The Unmaking of a Whig and Other Essays in Self-Definition

The Unmaking of a Whig and Other Essays in Self-Definition

by Edwin M. Yoder Jr.

Editorial Reviews

Library Journal - Library Journal
This elegantly written book of essays by syndicated columnist Yoder is for readers who take pleasure in civilized discussions of the American identity in the context of history and our constitutional culture. The first and longest of the pieces concerns a 1946 feud between Justices Hugo Black and Robert Jackson, which, in Yoder's hands, becomes a multifaceted discussion of the limits of judging. Among Yoder's major themes are institutions as the bedrock of a free society, notably discussed in ``The Madisonian Persuasion'' and ``The Centrality of Institutions''; the ``ownership'' of the Constitution, which he wisely argues ``is a trust between generations'' in ``Whose Constitution Is It Anyway?''; and the importance of privacy and its place in the Constitution, the subject of an excellent essay, ``Privacy, the Search in the Shadows.'' For political philosophy collections.-- Nedda C. Allbray, Brooklyn, New York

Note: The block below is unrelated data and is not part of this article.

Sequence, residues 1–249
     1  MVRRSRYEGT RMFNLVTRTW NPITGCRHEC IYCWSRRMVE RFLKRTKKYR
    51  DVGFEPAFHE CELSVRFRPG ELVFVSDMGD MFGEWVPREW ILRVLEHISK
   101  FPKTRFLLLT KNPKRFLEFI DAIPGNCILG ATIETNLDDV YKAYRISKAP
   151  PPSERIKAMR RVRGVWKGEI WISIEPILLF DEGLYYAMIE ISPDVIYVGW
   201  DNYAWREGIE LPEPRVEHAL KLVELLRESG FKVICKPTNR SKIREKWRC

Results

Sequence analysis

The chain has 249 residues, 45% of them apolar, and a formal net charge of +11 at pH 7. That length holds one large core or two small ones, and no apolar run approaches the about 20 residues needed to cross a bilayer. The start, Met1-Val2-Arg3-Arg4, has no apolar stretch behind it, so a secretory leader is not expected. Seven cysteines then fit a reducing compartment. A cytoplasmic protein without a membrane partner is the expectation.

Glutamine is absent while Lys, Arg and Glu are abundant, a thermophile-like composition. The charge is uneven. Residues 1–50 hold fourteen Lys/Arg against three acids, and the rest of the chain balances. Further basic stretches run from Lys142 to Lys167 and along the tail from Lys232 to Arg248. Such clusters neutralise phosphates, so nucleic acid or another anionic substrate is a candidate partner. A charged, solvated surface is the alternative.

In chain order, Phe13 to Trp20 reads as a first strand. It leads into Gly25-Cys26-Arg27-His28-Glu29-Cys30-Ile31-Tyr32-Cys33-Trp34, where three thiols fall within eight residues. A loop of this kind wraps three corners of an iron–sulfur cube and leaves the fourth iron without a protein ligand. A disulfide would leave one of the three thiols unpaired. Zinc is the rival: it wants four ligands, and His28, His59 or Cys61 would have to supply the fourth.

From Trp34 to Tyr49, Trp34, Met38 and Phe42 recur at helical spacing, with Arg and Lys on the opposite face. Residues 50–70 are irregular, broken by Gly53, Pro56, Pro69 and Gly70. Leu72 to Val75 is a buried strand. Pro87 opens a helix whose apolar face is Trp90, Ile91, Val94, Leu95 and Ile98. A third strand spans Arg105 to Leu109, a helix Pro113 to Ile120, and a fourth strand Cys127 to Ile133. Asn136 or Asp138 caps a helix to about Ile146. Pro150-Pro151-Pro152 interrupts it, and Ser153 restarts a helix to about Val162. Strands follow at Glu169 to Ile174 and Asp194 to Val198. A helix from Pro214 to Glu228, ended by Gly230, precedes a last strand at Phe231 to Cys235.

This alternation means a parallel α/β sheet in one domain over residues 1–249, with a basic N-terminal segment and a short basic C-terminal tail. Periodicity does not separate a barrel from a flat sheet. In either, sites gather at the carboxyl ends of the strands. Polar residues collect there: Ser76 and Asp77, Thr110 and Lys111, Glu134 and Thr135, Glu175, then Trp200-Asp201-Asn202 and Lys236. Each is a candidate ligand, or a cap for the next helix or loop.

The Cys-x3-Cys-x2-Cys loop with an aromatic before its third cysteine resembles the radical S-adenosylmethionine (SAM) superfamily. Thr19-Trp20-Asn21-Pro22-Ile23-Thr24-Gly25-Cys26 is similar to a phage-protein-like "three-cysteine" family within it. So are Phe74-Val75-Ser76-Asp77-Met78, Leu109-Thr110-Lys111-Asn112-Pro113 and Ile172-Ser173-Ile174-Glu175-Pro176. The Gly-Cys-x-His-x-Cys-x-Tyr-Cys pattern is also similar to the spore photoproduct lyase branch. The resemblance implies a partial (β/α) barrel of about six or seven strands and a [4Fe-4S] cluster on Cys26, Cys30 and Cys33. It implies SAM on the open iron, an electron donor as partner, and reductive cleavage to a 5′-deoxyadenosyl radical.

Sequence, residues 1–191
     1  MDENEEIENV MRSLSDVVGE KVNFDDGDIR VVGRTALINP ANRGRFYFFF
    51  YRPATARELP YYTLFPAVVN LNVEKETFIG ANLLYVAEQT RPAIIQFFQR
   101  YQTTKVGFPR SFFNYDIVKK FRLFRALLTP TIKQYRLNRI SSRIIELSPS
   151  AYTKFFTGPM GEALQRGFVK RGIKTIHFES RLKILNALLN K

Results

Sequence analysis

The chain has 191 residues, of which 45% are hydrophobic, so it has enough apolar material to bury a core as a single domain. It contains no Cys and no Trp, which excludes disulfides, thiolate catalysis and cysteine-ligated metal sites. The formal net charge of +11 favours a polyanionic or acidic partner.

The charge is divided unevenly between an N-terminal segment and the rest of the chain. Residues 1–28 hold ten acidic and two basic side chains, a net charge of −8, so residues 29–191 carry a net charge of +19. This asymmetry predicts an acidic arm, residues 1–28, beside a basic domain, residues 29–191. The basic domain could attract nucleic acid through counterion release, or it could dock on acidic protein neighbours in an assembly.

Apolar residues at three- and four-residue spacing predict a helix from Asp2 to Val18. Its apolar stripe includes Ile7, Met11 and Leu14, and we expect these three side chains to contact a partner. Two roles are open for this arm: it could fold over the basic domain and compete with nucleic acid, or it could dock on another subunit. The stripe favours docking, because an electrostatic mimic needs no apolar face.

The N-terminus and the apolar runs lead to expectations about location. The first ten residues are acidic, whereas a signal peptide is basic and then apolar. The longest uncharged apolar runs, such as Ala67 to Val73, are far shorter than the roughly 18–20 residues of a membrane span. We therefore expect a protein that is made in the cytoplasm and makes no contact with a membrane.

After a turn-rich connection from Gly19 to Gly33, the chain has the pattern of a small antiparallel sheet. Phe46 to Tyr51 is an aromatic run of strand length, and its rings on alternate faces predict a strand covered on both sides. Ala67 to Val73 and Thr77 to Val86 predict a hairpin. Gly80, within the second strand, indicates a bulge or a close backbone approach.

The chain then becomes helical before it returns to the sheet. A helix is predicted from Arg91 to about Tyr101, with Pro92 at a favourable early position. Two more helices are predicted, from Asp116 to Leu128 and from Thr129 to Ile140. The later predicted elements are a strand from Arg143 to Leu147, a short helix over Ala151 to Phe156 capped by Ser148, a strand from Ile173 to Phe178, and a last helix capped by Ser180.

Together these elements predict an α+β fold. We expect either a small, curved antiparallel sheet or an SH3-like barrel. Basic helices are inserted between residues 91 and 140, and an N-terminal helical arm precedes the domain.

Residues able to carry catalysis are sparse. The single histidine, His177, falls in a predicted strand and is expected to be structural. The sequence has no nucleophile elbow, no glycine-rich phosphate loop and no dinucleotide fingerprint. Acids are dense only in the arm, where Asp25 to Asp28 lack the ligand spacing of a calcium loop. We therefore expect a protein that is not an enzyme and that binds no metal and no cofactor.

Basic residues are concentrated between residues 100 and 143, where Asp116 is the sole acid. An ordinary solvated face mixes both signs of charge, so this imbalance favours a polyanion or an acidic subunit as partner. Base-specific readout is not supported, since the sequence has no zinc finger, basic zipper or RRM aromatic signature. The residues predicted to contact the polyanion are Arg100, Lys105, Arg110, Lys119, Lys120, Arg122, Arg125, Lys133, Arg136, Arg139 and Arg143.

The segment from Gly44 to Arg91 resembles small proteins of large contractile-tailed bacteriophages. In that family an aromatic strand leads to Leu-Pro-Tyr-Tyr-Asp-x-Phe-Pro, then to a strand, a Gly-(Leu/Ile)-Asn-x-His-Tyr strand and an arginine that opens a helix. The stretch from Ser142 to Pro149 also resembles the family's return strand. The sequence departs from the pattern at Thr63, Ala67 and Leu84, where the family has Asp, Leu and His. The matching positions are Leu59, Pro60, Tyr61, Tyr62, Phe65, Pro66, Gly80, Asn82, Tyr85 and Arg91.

On the social context of singleness in old age; sex, marital status, and health; finances; work, retirement, and well-being; use of time; urban and rural living; vulnerability. Yoder won the Pulitzer Prize for editorial writing in 1979. His nationally syndicated column is distributed by the Washington Post Writers Group. This is an eclectic collection of essays with a central theme of self-definition that is both personal and political. Annotation c. Book News, Inc., Portland, OR (

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Georgetown University Press
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